by Michelle Crean, Wisconsin Puppy
As have many
other people now actively involved in fighting puppy mills and pet stores, I
learned the hard way about "those cute little puppies in the window."
Our lesson wasn't as hard as some -- our pet store puppy was physically healthy
-- but it could have been disastrous for all concerned if we hadn't had a lot
of committment and the support of our vet and a behaviorist.
It was love
at first sight when my husband and I saw the coonhound puppy in the pet store.
She was just so darned...cute! But when she was taken out of her cage to meet
us, she wanted nothing whatsoever to do with us. The pet store employee told
us, "Oh, she's been cooped up in that cage for so long, she just wants to
stretch her legs and explore!"
We left to
think it over -- we had an old hound dog at home and thought having a pup in
the house would be good for him, since he loved other dogs. A new puppy that
nobody had 'ruined' by abuse or teaching bad habits, a nice puppy with a health
guarantee, would be wonderful. (Boy, were we WRONG
thinking a pet store puppy would be any of those things!) And let's
face it, this particular puppy was so cute!
When we went
back for her, we were told, "She can't come home with you yet. She has
kennel cough and we were just going to quarantine her." The employee then
mumbled something about taking "the little bitch" home and
socializing her. (Big Red Flag that we were too
blinded by "cute" to see!)
Well. We went
back for the pup after the quarantine period was up, and Henrietta, as we'd
already named her, was delighted to get out of the cage. However, she didn't
want to be held or petted. "She'll get over that as soon as you get her
home," we were told.
ask us if we knew anything about the breed, nor did they tell us that
coonhounds make wonderful pets BUT are single-minded, stubborn, target-fixated,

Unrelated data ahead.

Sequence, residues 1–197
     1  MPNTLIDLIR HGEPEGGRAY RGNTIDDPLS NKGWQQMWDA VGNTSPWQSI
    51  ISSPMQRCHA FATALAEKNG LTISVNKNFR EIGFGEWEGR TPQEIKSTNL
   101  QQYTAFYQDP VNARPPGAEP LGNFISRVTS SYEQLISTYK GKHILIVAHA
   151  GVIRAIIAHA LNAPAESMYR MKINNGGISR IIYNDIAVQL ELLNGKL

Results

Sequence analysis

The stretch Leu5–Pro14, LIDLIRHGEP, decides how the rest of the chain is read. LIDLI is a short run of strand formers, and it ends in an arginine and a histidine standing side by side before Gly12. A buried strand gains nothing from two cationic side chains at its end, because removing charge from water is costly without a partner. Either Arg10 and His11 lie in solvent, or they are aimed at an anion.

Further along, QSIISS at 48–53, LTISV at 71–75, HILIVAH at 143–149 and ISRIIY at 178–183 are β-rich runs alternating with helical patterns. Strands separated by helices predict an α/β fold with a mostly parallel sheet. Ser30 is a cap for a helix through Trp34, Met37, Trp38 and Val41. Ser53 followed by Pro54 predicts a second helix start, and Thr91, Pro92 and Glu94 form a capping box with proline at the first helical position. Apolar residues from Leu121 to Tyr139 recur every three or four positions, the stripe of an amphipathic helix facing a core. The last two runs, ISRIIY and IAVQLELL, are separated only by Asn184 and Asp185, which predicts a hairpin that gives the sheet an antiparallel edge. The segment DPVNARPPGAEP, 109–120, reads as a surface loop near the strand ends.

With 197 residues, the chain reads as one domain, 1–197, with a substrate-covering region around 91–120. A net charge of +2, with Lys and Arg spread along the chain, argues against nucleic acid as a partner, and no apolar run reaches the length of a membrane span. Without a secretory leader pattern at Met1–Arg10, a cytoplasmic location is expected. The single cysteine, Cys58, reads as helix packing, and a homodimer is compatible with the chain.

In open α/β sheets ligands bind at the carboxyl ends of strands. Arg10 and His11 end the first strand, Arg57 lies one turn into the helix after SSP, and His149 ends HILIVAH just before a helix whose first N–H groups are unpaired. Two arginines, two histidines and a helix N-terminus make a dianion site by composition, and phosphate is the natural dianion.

escape artists who will follow their noses to the ends of the earth. They
didn't mention that the breed requires patient, imaginative training and lots
of exercise and attention. All the pet store was interested in was our money.
The truth of
the matter was, Henrietta was a puppy mill/pet store dog, bred specifically for
pack hunting, and she had never, ever had any contact with humans, other
than those who tossed food at her, shoved her and her siblings into a cage on a
truck, and visited her at the pet store. Not only that, but she didn't WANT any
contact with humans!
Though she loved and
respected our old hound, she just didn't seem to like people. In fact, she
would trot right up to someone and, when that person reached out to pet her,
would bite them--HARD. Not a little puppy play nip or a teething chew a
hard, punishing bite. But she was just so cute!
obvious that this cute little puppy needed some education in the canine social
graces. We were committed to keeping an animal companion for a lifetime and had
fallen in love with this pup despite the fact that she was so darned obnoxious
so, with a little guidance from our vet, a 'doggie shrink' from the Ohio State
School of Veterinary Medicine, and a good dog behavior book, we went to work
teaching Henrietta that (1) biting was never acceptable under any circumstances
and (2) petting was a good thing.
part entailed letting her know in no uncertain terms that, in pack heirarchy,
she ranked under any human whom she met. It took a lot of
reinforcement (both positive and negative) and some time, but the biting
behavior finally stopped entirely.
old afghan-bloodhound mix, loved nothing more than a snoogle with his People,
and helped show "his" pup that an ear scratch or belly rub was a Good
Thing. Within a couple of very long weeks, she transformed from having to be
held down to be petted, to actively seeking affection.
all involved, Henrietta's root problem had been lack of education (through lack
of positive human contact) and not an inherently bad temperament, so behavior
modification techniques were successful. In fact, she morphed into such a
friendly, sociable pet that, even just a couple months later, nobody would
believe she had ever been otherwise!
We joked that
'cute' had saved her life, never realizing at the time just how true that
statement was. Our vet speculated that chances were
about 90% that anyone else would have beaten her senseless, dumped her along a
back country road, foisted her off on some other unsuspecting family who would
have done the same, or taken her to a shelter, where she would have been
euthanized as a 'vicious' dog, even though she was only three months
Every day of
the week, shelters kill puppy mill dogs like Henrietta just because they were
never socialized properly and the new owners can't or won't cope. There were a
dozen pups in her litter, in various pet stores around Dayton, Ohio. I often
wonder what happened to her brothers and sisters -- but I really don't want to